Meanwhile, in the girls’ 16s doubles final, wild cards Brienne Minor of Mundelein, Ill., and Jaclyn Switkes of Ponte Vedra Beach, Fla., beat the third-seeded team of Robillard-Millette and Vanessa Wong, 6-3, 7-6 (3).
See Friday’s full results below. For complete tournament information, including draws and order of play, visit www.orangebowltennis.org.
Boys' 18s Singles:
No. 1 Alexander Zverev, GER d. No. 12 Andrey Rublev, RUS, 6-4, 5-7, 6-4
No. 2 Johan Sebastien Tatlot, FRA d. No. 6 Michael Mmoh, USA, 7-6(4), 7-5
No. 4 Stefan Kozlov, USA d. No. 8 Naoki Nakagawa, JPN, 6-1, 5-7, 6-3
No. 13 Francis Tiafoe, USA d. No. 7 Roman Safiullin, RUS, 6-4, 6-4
Boys' 18s Doubles:
No. 1 Alexander Zverev, GER/Andrey Rublev, RUS
v. Stefan Kozlov, USA/Henrik Wiersholm, USA, ppd., rain
No. 2 Filippo Baldi, ITA/Luca Miedler, AUT d. Jordi Arconada, ARG/Tommy Paul, USA, walkover
No. 3 Francis Tiafoe, USA/Michael Mmoh, USA d. Hubert Hurkacz, POL/Marko Osmakcic, SUI, 6-4, 6-3
No. 4 Roman Safiullin, RUS/Nino Serdarusic, CRO
d. Julian Cash, GBR/Alexander Sendegeya, GBR, 6-2, 1-6 [10-7]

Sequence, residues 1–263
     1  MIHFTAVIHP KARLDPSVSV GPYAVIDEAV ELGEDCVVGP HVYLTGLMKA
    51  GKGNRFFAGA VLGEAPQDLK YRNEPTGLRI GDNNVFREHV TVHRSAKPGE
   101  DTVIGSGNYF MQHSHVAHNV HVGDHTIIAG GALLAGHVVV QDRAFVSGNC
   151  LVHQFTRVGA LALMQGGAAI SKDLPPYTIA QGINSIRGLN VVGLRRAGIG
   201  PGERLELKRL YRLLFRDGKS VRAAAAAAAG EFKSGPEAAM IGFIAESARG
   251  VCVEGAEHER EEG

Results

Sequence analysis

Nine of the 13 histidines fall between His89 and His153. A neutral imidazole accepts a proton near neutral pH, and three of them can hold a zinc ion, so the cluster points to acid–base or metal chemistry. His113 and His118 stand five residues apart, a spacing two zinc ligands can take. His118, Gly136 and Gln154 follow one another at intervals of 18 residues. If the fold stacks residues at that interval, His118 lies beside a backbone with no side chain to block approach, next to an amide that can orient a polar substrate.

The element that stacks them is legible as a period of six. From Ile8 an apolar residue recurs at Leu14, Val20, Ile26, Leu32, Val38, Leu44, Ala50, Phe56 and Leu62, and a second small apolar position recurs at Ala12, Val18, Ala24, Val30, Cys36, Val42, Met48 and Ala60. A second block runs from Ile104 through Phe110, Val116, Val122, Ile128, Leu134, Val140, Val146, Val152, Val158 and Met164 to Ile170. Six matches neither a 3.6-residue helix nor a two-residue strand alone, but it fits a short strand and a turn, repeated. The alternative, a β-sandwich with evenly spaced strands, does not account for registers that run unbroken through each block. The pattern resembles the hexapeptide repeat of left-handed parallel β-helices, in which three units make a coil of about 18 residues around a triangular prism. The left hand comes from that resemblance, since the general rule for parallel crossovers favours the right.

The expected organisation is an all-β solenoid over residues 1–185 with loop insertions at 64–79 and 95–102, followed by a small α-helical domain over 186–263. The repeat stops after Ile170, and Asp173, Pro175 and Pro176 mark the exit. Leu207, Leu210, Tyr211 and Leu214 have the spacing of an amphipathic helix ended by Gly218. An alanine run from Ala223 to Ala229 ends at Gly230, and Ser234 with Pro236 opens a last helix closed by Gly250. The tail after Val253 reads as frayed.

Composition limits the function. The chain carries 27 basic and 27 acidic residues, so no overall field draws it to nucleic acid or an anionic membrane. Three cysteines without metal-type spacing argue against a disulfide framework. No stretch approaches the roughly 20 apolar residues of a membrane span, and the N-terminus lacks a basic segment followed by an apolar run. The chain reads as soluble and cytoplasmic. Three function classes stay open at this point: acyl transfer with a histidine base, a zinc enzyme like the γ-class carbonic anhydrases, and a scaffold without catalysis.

Girls' 18s Singles:
No. 1 Varvara Flink, RUS d. Julia Terziyska, BUL, 6-1, 6-1
No. 2 Ivana Jorovic, SRB d. No. 9 Akville Parazinskaite, LTU, 7-5, 3-6, 7-6(5)
No. 6 Ioana Ducu, ROU d. No. 3 Tornado Alicia Black, USA, 5-7, 6-3, 6-4
Sofia Kenin, USA d. No. 5 Marie Bouzkova, CZE, 6-2, 7-6(5)
Girls' 18s Doubles:
No. 1 Varvara Flink, RUS/Ivana Jorovic, SRB v. CiCi Bellis, USA/Katerina Stewart, USA, ppd., rain
No. 5 Naiktha Bains, AUS/Tornado Alicia Black, USA
v. Emilie Francati, DEN/Tereza Mihalikova, SVK, ppd., rain
Jaqueline Adina Cristian, ROU/Fanny Stollar, HUN
d. Emma Higuchi, USA/Mira Ruder-Hook, USA, 6-1, 4-6 [10-7]
Sofia Kenin, USA/Kaitlyn McCarthy, USA d. Bianka Bekefi, HUN/Julia Terziyska, BUL, 7-6(10), 3-6 [10-6]
Boys' 16s Singles:
No. 1 Yunseong Chung, KOR d. No. 16 Sameer Kumar, USA, 6-1, 6-3
No. 2 Chan-Yeong Oh, KOR d. Eduardo Nava, USA, 6-3, 7-5
Boys' 16s Doubles:
No. 1 Yunseong Chung, KOR/Chan-Yeong Oh, KOR
d. William Genesen, USA/Soon Woo Kwon, KOR, 6-1, 6-4
Girls' 16s Singles:
No. 5 Charlotte Robillard-Millette, CAN d. Dominique Schaefer, USA, 6-2, 6-4
Alexis Nelson, USA d. No. 4 Lisa Ponomar, GER, 7-5, 4-6, 6-4
Girls' 16s Doubles:
Brienne Minor, USA/Jaclyn Switkes, USA
d. No. 3 Charlotte Robillard-Millette, CAN/Vanessa Wong, CAN, 6-3, 7-6(3)
For more on junior tennis, and to find a kids' tennis program and facility near you, go to YouthTennis.com.